António Sousa

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António Sousa
Personal information
Full name António Augusto Gomes de Sousa
Date of birth (1957-04-28) 28 April 1957 (age 61)
Place of birth São João da Madeira, Portugal
Height 1.76 m (5 ft 9 12 in)
Playing position Midfielder
Youth career
Sanjoanense
Senior career*
Years Team Apps (Gls)
1973–1975 Sanjoanense 39 (11)
1975–1979 Beira-Mar 114 (37)
1979–1984 Porto 138 (29)
1984–1986 Sporting CP 54 (13)
1986–1989 Porto 79 (15)
1989–1993 Beira-Mar 117 (4)
1993–1994 Gil Vicente 7 (0)
1994–1995 Ovarense 32 (2)
1995–1996 Sanjoanense 18 (3)
Total 598 (114)
National team
1981–1989 Portugal 27 (1)
Teams managed
1995–1997 Sanjoanense
1997–2004 Beira-Mar
2005–2006 Rio Ave
2007–2008 Penafiel
2008–2009 Beira-Mar
2011 Trofense
* Senior club appearances and goals counted for the domestic league only

António Augusto Gomes de Sousa (Portuguese pronunciation: [ɐ̃ˈtɔniu ˈsowzɐ]; born 28 April 1957) is a retired Portuguese footballer who played as a central midfielder, and a manager.

During his career he played, among others, for Porto and Sporting, amassing Primeira Liga totals of 483 games and 83 goals over the course of 18 seasons. Subsequently, he worked as a manager for several clubs.

Earning nearly 30 caps for Portugal during the 80's, Sousa represented the nation in one World Cup and another European Championship,[1] scoring in both tournaments.

Club career[edit]

Born in São João da Madeira, Sousa started professionally with local A.D. Sanjoanense at only 16, with his team in the second division. In 1975 he signed with S.C. Beira-Mar, scoring a career-best 15 goals in his third year as the Aveiro club returned to the Primeira Liga (three of his four seasons there were spent in the top level).

Sousa was then bought by FC Porto, where he remained an undisputed starter: he won the league championship and the cup several times, also scoring against Juventus F.C. in the 1984 European Cup Winners' Cup Final, lost 1–2 in Basel.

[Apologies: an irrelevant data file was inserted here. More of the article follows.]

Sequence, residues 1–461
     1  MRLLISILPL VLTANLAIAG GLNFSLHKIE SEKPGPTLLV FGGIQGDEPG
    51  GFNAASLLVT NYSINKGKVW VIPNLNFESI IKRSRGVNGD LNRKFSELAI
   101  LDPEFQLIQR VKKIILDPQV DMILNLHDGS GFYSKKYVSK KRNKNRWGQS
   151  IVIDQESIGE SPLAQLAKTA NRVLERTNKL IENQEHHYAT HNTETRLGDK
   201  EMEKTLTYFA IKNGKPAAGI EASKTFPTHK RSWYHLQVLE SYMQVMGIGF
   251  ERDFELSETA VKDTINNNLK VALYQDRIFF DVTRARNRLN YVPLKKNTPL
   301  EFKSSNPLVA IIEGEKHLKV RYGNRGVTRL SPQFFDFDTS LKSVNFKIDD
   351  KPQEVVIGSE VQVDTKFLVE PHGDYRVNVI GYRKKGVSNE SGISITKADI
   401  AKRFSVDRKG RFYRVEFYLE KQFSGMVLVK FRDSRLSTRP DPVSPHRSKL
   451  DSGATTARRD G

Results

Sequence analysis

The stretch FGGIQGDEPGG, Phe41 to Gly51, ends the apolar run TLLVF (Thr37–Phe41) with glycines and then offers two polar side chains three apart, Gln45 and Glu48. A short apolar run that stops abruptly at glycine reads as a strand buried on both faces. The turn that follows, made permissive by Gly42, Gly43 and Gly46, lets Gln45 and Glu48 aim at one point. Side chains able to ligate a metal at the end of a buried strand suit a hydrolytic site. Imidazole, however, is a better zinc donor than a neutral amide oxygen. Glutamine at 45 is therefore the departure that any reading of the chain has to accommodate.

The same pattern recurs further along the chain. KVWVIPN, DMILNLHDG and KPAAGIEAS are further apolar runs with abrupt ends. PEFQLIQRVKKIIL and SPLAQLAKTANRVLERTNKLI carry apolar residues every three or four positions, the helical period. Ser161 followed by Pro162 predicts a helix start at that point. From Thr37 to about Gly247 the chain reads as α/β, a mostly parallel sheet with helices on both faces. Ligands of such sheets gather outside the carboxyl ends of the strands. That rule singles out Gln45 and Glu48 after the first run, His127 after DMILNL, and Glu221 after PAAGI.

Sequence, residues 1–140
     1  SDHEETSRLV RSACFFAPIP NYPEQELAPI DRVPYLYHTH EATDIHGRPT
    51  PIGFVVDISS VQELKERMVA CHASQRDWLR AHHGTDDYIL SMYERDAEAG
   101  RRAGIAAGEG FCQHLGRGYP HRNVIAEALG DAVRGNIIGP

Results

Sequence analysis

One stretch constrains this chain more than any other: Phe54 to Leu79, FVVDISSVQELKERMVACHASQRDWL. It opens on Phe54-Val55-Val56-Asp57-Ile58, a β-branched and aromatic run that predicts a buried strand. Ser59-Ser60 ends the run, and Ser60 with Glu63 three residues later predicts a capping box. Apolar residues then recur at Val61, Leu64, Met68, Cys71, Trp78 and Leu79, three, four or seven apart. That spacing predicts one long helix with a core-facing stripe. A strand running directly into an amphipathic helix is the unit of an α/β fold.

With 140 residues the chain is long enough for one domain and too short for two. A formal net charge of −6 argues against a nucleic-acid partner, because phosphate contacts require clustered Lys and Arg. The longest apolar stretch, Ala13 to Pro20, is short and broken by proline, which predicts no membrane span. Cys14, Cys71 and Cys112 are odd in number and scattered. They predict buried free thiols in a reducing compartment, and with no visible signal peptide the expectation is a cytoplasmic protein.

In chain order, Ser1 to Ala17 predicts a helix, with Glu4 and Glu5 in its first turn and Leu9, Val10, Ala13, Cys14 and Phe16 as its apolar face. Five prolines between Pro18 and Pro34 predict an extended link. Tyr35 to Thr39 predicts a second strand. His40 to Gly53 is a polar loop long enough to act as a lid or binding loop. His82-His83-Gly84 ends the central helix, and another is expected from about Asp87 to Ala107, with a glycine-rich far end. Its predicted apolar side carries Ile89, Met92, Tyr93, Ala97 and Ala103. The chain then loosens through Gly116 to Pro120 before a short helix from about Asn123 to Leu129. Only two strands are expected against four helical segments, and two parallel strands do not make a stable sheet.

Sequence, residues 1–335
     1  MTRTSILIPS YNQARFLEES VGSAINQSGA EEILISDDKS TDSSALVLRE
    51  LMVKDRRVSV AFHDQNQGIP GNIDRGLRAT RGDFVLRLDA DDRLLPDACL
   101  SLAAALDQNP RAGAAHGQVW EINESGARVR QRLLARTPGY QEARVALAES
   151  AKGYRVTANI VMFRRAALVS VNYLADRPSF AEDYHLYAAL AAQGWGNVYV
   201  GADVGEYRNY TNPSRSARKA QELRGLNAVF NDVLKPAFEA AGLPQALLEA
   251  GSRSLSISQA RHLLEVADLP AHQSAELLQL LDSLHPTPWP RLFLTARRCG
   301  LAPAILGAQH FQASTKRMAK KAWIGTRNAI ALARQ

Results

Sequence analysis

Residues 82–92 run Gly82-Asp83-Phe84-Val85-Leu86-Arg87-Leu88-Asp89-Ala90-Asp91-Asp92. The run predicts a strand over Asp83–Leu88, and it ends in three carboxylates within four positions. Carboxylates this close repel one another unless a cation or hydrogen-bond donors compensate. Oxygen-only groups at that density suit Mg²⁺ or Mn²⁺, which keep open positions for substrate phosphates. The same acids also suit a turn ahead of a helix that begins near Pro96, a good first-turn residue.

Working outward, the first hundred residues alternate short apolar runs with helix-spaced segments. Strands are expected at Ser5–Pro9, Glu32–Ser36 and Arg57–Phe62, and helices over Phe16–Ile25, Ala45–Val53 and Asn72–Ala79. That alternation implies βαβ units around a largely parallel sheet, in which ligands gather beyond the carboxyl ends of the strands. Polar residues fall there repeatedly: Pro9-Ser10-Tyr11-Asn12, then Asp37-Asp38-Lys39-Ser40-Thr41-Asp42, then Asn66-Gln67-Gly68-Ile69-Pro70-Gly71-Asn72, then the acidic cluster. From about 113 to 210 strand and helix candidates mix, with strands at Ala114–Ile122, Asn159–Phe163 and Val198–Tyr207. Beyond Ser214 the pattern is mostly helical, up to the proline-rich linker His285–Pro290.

In the 1984 summer, Sousa and longtime Porto central midfield partner Jaime Pacheco signed with Sporting Clube de Portugal – as part of the deal that sent 17-year-old prodigy Paulo Futre in the opposite direction – with the pair returning after two seasons. He then proceeded to win the European Cup, the Intercontinental Cup and the UEFA Super Cup with the northern side, continuing to appear regularly.

Sousa retired in 1996 at 39, as player-coach of first club Sanjoanense. He then dedicated himself exclusively to coaching, working mainly with another former club as a player, Beira-Mar,[2] where he remained for seven-and-a-half years, with four consecutive top flight seasons. In 1999, he led the latter to its biggest achievement, the Portuguese Cup, after defeating S.C. Campomaiorense 1–0.[3]

International career[edit]

Sousa received 27 caps for the Portugal national team from 1981 to 1989, playing at UEFA Euro 1984 where he scored in the 1–1 group stage draw against Spain, and at the FIFA World Cup 1986.

António Sousa: International goals
Goal Date Venue Opponent Score Result Competition
1 17 June 1984 Stade Vélodrome, Marseille, France  Spain 1–0 1–1 UEFA Euro 1984

Personal life[edit]

Sousa's son, Ricardo, was also a professional footballer, also in midfield. The pair shared teams at Beira-Mar, in three different spells.[4]

His nephew, José, played ten seasons in the Portuguese top division.

Honours[edit]

Player[edit]

Porto

Manager[edit]

Beira-Mar

References[edit]

  1. ^ "Platini faz a diferença em meia-final de sonho" [Platini makes the difference in dream semi-final] (in Portuguese). UEFA.com. 4 October 2003. Retrieved 18 April 2017. 
  2. ^ "1988/89: FC Porto sem troféus e dez campeões europeus a chorar" [1988/89: FC Porto without trophies and ten European champions crying] (in Portuguese). Mais Futebol. 28 April 2014. Retrieved 11 May 2016. 
  3. ^ a b "Beira Mar – Campomaiorense 1–0". Record (in Portuguese). 19 June 1999. Retrieved 20 May 2017. 
  4. ^ "Afonso Sousa: filho e neto que já joga em nome próprio aos 15 anos" [Afonso Sousa: son and grandson already plays for himself at 15] (in Portuguese). Mais Futebol. 2 October 2015. Retrieved 18 April 2017. 

External links[edit]